Mar 242021
 

The assessee is in the business of film distribution in the name of M/s Sukrit Pictures. The assessee has paid an amount of Rs.2 crores as Minimum Guarantee Royalty (MGR) and has not deducted TDS. The Assessing Officer held that the payment would fall within the definition of “Royalty” and failure to deduct TDS as per Section 194J of the Income Tax Act, 1961 would attract provisions of Section 40(a)(ia) of the Act.

Whether the amount paid as MGR would attract Section 194J?

The provisions of section 194J of the Act with relation to “Royalty” are as per the Explanation 2 to Clause (vi) of sub-section (1) of section 9 reads as under:

Explanation 2.—For the purposes of this clause, “royalty” means consideration (including any lump sum consideration but excluding any consideration which would be the income of the recipient chargeable under the head “Capital gains”) for—

(i) the transfer of all or any rights (including the granting of a license) in respect of a patent, invention, model, design, secret formula or process or trademark or similar property;
(ii) the imparting of any information concerning the working of, or the use of, a patent, invention, model, design, secret formula or process or trademark or similar property;
(iii) the use of any patent, invention, model, design, secret formula or process or trademark or similar property;
(iv) the imparting of any information concerning technical, industrial, commercial, or scientific knowledge, experience, or skill;
(iva) the use or right to use any industrial, commercial, or scientific equipment but not including the amounts referred to in section 44BB;]
(v) the transfer of all or any rights (including the granting of a license) in respect of any copyright, literary, artistic or scientific work including films or videotapes for use in connection with television or tapes for use in connection with radio broadcasting, but not including consideration for the sale, distribution or exhibition of cinematographic films; or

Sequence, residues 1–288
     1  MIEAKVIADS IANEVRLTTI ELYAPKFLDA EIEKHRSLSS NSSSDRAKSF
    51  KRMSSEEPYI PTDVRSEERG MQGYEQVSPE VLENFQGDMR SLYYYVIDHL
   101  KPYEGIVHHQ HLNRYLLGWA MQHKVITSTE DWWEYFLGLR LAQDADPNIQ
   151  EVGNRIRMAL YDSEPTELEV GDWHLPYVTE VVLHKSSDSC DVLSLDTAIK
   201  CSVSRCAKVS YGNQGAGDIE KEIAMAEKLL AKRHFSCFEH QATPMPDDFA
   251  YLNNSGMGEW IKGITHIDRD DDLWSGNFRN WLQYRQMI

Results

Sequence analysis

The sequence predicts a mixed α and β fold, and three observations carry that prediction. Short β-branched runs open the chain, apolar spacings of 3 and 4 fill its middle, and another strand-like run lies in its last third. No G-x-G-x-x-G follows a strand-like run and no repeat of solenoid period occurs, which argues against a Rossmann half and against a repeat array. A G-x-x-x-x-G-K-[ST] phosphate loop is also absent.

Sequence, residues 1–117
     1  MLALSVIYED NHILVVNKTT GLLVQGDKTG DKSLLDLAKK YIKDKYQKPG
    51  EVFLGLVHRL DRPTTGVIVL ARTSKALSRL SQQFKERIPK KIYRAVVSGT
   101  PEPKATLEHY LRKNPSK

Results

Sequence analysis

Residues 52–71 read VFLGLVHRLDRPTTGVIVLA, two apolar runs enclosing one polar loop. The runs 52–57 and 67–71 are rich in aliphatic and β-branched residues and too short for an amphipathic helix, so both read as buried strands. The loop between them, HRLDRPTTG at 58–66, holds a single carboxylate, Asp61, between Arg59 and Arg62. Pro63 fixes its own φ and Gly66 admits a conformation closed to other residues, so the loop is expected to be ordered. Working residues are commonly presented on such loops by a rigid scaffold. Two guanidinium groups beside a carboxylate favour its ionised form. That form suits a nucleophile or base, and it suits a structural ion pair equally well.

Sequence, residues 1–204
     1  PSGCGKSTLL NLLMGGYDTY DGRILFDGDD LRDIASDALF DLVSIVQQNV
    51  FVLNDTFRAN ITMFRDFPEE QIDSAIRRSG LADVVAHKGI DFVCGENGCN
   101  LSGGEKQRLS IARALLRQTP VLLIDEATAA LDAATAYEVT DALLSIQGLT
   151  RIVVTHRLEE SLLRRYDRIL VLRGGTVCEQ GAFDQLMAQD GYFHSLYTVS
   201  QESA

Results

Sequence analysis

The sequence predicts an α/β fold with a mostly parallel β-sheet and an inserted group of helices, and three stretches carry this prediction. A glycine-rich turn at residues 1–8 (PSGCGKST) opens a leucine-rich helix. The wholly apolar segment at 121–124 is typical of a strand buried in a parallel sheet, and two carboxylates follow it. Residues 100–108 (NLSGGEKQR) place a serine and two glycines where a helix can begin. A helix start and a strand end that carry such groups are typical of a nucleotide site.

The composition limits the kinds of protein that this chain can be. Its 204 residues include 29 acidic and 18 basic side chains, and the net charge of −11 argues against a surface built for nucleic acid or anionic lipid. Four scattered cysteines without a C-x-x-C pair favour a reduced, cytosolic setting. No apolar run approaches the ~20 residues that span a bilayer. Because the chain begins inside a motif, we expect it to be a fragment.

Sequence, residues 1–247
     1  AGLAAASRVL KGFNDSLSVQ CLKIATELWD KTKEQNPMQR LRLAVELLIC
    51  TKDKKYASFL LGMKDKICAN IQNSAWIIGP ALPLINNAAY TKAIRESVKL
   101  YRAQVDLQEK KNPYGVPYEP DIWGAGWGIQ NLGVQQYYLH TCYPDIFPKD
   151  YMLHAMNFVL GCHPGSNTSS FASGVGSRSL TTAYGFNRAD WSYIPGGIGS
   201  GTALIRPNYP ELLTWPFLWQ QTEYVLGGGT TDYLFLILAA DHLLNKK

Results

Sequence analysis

(vi) the rendering of any services in connection with the activities referred to in sub-clauses (i) to [(iv), (iva) and] (v).”

What is GMR? – A film distributor pays an amount as Minimum Guarantee Royalty (MGR) for the purchase of theatrical distribution rights. It is worthwhile to note that in such a case, copyright is always with the producer, and the distributor is only given the right to the exhibition of cinematographic films.

Analysis of facts:

Clause (v) of Explanation 2 to section 9(1) consists of two different transactions as given below:

Inclusive Part Non – Inclusive part
Transfer of all or any rights (including the granting of a license) in respect of any:

1.      copyright,

2.      literary,

3.      artistic or

4.      scientific work including

5.      films or videotapes for use in connection with television or

6.      tapes for use in connection with radio broadcasting.

Consideration for the sale distribution or exhibition of cinematographic films

 

It is wrong to hold that what the assessee purchased is copyrights and hence liable to TDS. In fact, the copyrights are always with the producer. The distributor is only given the right exhibition of cinematographic films. Hence, such transactions do not attract the provisions of TDS.

Moreover, the minimum guarantee amount which is paid by the distributor for acquiring the exhibition rights of a movie is a fixed expenditure for the distributor that is paid to producers irrespective of the fact whether the film generates a profit or incurs losses. Hence, the payments made by the assessee do not fall under the term “Royalty” and do not attract the provisions of TDS.

Hence, TDS is not liable to deduct on MGR.

Sensys

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